The current Needles Lighthouse marks the extremity of the Needles Rocks on the Isle of Wight’s western side. It replaces an earlier lighthouse built on the clifftop.
A group of merchants and ship owners first made an application for a lighthouse to mark the Solent’s western approaches in 1781.
However, it was not until 1785 that building started on three lighthouses; Needles and St Catherine’s Down on the Isle of Wight, and Hurst Point. The lighthouse at St Catherine’s Down was not finished because the fog obscured it too often.
The first Needles lighthouse became operational in September 1786. Its location at the clifftop meant that the light was often obscured in poor weather and fog.
Initially, the lighthouse exhibited a fixed white light. In March 1840 a red light replaced it to avoid confusion with the lighthouse at St Catherine’s.
Because of its location, Trinity House decided that a lighthouse was needed to mark the edge of the Needles Rocks.
Before building the lighthouse could start, the engineers levelled off a section of the limestone rock to provide the tower’s base. They also excavated tunnels to offer additional storage rooms.
The new Needles Lighthouse was first lit on 1st January 1859. A fixed red light with a white sector indicated the clear passage from Durlston Head Southwest Shingles and Dolphin Bank. A narrow white sector later marked the northeast approach of Warden Ledge. By 1884 a green sector had been added, and the light was altered to an occulting character.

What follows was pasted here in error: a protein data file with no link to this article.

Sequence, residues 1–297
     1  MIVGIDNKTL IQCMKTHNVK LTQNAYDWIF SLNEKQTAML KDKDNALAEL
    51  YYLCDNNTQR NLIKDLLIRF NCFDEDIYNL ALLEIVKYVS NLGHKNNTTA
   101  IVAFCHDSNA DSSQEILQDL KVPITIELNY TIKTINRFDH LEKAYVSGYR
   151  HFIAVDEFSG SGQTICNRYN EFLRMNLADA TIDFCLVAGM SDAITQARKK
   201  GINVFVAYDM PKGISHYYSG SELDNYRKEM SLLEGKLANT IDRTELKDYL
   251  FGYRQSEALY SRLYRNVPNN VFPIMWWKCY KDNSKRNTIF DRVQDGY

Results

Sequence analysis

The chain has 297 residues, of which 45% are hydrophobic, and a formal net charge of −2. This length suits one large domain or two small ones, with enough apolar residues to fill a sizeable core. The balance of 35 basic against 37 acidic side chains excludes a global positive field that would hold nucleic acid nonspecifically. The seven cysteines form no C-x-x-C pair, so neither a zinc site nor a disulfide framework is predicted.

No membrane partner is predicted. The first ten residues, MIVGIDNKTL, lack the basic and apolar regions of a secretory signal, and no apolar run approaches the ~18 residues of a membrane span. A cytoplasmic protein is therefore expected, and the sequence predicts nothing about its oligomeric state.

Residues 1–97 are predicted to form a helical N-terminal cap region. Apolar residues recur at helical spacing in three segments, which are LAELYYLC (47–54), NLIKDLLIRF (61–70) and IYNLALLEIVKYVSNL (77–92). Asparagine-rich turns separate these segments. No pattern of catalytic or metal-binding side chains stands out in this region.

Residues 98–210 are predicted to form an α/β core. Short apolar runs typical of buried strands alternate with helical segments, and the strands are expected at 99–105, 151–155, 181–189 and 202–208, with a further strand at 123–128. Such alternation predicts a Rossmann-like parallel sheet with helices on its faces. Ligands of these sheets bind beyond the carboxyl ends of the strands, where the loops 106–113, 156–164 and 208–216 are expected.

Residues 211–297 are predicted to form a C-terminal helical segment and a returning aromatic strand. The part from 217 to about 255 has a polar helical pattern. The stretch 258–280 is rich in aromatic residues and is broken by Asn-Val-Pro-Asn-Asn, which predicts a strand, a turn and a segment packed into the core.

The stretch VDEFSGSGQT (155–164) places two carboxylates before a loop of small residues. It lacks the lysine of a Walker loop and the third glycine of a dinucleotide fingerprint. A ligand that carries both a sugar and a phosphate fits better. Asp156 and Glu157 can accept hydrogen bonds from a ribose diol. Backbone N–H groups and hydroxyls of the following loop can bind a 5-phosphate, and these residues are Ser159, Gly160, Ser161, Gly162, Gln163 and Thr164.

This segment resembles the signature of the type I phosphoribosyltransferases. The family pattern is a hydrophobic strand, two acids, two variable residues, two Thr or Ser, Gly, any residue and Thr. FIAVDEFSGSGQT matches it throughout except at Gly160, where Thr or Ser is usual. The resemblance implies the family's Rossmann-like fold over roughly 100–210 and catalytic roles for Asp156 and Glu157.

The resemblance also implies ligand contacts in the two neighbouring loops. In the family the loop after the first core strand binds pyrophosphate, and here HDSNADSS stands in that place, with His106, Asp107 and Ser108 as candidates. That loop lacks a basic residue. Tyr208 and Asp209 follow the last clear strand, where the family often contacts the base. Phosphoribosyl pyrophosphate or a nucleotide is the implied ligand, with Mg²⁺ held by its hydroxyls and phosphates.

The granite tower was initially unpainted. However, in 1886 a black band was added to make it more prominent against the cliffs. The lighthouse lantern was also painted black. The red bands and lantern were added later.
In 1992 an incandescent paraffin vapour burner was installed.
The lantern optic and lamp were badly damaged during the Second World War. In 1946 a new electric light was installed, powered by diesel generators. A new second-order fixed optic was installed in 1948, replacing the one damaged during the War.
Three keepers lived in the lighthouse within the tower.
The following brief YouTube video shows a relief trip to the Needles Lighthouse in 1948.
By 1987 a helipad had been added to the top replacing the need for boat reliefs.
The lighthouse was automated on 8th December 1994.
Needles Lighthouse can be seen from the Needles Battery, which has a great cafe overlooking the Needles, or you can take a boat trip from Yarmouth.
Height of Tower: 31 metres
Elevation: 24 metres
Character: Oc (2) WRG 20s
Range of light: 17 miles
Engineer: Richard Jupp (1786), James Walker (1859)